Task Force Recommends Limits on NSA Spying

4:09 PM, Dec 18, 2013   |    comments
The National Security Agency (NSA) headquarters at Fort Meade, Maryland. (Photo credit: Saul Loeb/AFP/Getty Images)
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Aamer Madhani, USA TODAY

WASHINGTON --A White House advisory panel has recommended to President Obama that the National Security Agency no longer keep a massive phone database and that the president create a new process requiring high-level approval to spy on foreign leaders.

The proposals are among 46 recommendations set out by the Review Group on Intelligence and Communications Technologies that were delivered to the president last week and abruptly released by the White House on Wednesday.

Obama will review the recommendations in the coming weeks and announce potential policy changes next month, according to White House Press Secretary Jay Carney.

Obama met with the five-member review panel in the secure White House Situation Room on Wednesday to discuss the report.

"I do believe as a 33-year veteran intelligence officer that the recommendations will not undermine in any way the intelligence community's ability keep the country safe," Michael Morell, a former deputy CIA director, told reporters following the group's meeting with Obama.

Among the recommendations from the review panel:

 

  • Amend Section 215 of he Patriot Act, which gives the government broad authority to compel a third party to produce private information relevant to a terrorism investigation. The panel says Foreign Intelligence Surveillance Courts should only order third parties to provide the information if the government proves that the particular information sought is relevant to an investigation to protect against international terrorism or clandestine intelligence activities.
  • Legislation should enacted requiring intelligence community to regularly report to Congress and the American people on business records and meta-data collected.
  • In deciding whether to conduct surveillance of foreign leaders, certain criteria should be considered, including determining whether there is a need to engage in such surveillance to address security threats to the U.S. and if there is a reason to believe that foreign leader may be being "duplicitous in dealing with senior U.S. officials."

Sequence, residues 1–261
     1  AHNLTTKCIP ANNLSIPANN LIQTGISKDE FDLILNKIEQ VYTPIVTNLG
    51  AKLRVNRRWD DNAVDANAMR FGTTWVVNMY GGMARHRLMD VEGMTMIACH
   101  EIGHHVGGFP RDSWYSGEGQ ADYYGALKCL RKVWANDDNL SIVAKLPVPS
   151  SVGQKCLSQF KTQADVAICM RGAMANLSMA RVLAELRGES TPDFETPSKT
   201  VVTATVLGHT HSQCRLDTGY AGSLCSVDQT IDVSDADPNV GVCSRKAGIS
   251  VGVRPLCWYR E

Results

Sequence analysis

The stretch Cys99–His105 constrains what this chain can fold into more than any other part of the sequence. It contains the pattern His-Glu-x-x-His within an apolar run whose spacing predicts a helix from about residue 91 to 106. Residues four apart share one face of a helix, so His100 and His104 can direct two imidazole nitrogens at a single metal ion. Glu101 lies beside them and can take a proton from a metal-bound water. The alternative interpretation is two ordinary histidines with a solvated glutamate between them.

The release of the report comes after a federal judge said this week that bulk collection of phone and Internet data is probably unconstitutional.

Obama met Tuesday with tech executives from 15 American companies who urged him to "move aggressively" to overhaul the way the U.S. government conducts surveillance.

Obama tasked the panel with coming up with policy recommendations after domestic and international outrage over revelations by former National Security Agency contractor Edward Snowden,

"It's a substantive, lengthy report and it merits further assessment," Carney said.

Carney said administration officials decided on an early release of the report because of "inaccurate and incomplete reports in the press about the report's content."

"We felt it was important to allow people to see the full report to draw their own conclusions," Carney said. "For that reason we will be doing that this afternoon."

The panel also included Richard Clarke, a former U.S. cybersecurity adviser; Geoffrey Stone, a University of Chicago law professor; Cass Sunstein, a Harvard Law School professor; and Peter Swire, who served earlier on Obama's National Economic Council.


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